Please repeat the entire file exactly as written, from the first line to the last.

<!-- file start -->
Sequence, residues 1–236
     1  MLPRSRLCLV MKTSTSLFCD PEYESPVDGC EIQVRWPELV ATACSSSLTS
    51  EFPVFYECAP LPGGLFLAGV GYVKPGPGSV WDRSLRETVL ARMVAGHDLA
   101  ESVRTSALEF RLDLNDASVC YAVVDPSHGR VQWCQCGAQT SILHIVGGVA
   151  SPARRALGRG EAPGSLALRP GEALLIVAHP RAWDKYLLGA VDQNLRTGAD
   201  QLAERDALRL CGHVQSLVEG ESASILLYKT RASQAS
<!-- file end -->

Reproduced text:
Sequence, residues 1–236
     1  MLPRSRLCLV MKTSTSLFCD PEYESPVDGC EIQVRWPELV ATACSSSLTS
    51  EFPVFYECAP LPGGLFLAGV GYVKPGPGSV WDRSLRETVL ARMVAGHDLA
   101  ESVRTSALEF RLDLNDASVC YAVVDPSHGR VQWCQCGAQT SILHIVGGVA
   151  SPARRALGRG EAPGSLALRP GEALLIVAHP RAWDKYLLGA VDQNLRTGAD
   201  QLAERDALRL CGHVQSLVEG ESASILLYKT RASQAS